A new study by Retail NZ and the University of Otago shows retail crime costs about $1.1 billion a year, and retailers are facing increasingly organised and violent criminals.
Greg Harford, Retail NZ's General Manager for Public Affairs, says retail crime "is a massive issue" which has a disproportionately high impact on small businesses and high street retailers.
University of Otago Department of Marketing Senior Lecturer Dr John Guthrie says a concern is that retail crime is increasing, and becoming increasingly organised and more violent.
"The research shows that 38 per cent of retailers have noticed changes in the profile of retail crime in the past 12 months, and are seeing more brazen criminals than in previous years. Theft by employees is also growing in significance, accounting for 18 per cent of losses now, compared to 12 per cent at the time of the previous survey in 2003."
Mr Harford said retailers are worried criminals are more aggressive than in the past.
"Retail crime no longer involves just petty theft from stores. Retailers are reporting a sizeable number of violent and aggressive incidents every year, as well as more sophisticated fraud incidents.
"This shows that retailers need to be more alert to a range of criminal activity, as well as taking steps to protect their employees and customers from the threat of violence."
Dr Guthrie says the total cost of crime is far greater than the $1.1 billion reported in losses.
"Our research shows that retailers are spending around $514 million a year on crime prevention, plus crime takes a massive toll on the individuals who face violence, intimidation and who are fearful about going to work.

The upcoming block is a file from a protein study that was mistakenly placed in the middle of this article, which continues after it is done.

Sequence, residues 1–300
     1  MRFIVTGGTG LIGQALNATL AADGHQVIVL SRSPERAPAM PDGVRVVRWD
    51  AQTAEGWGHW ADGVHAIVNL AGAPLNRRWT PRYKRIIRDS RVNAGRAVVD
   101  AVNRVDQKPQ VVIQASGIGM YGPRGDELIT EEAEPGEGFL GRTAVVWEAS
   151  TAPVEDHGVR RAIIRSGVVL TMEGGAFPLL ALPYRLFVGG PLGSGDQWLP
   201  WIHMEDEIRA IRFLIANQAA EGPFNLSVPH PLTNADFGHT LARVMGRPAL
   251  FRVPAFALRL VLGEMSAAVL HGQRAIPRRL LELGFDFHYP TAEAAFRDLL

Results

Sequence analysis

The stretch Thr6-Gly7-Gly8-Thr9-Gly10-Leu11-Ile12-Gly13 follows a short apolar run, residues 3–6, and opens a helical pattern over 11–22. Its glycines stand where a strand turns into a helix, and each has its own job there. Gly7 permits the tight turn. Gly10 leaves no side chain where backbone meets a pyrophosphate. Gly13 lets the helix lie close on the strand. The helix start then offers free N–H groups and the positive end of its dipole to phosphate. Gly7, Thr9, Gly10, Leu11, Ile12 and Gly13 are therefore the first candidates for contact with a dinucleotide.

"However, the research also shows that money spent on preventative measures does pay off. The biggest retail firms, who spend the most on crime prevention have a noticeably lower rate of recorded crime overall, so it's a good idea for retailers to review their security arrangements and do what they can to make it tough for the criminals."
"It's really important that all crime is reported to the Police," Mr Harford said.
"The survey shows that, overall, just 31 per cent of retail crime goes unreported, either because there is a perception that the Police won't act, or because it is time-consuming and difficult to do so. It is heartening that 63 per cent of retailers think Police do an 'okay' or 'great job' of managing crime, but an online tool or app would go a long way towards making it simple and easy for retail crime to be reported."
Retail NZ is renewing calls for Government action to help manage retail crime by establishing a dedicated Retail Crime Reduction Taskforce within the Police, funding a social change programme to make it clear that crime is not acceptable, and bringing in an "infringement ticket" style offence for petty theft to ensure that there are consequences for people beginning their life of crime, Mr Harford says.
"Retail NZ sees early intervention and real consequences as key to stopping the cycle of crime."
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The 2017 Survey for Retail Crime: www.retail.kiwi/advocacy/retail-crime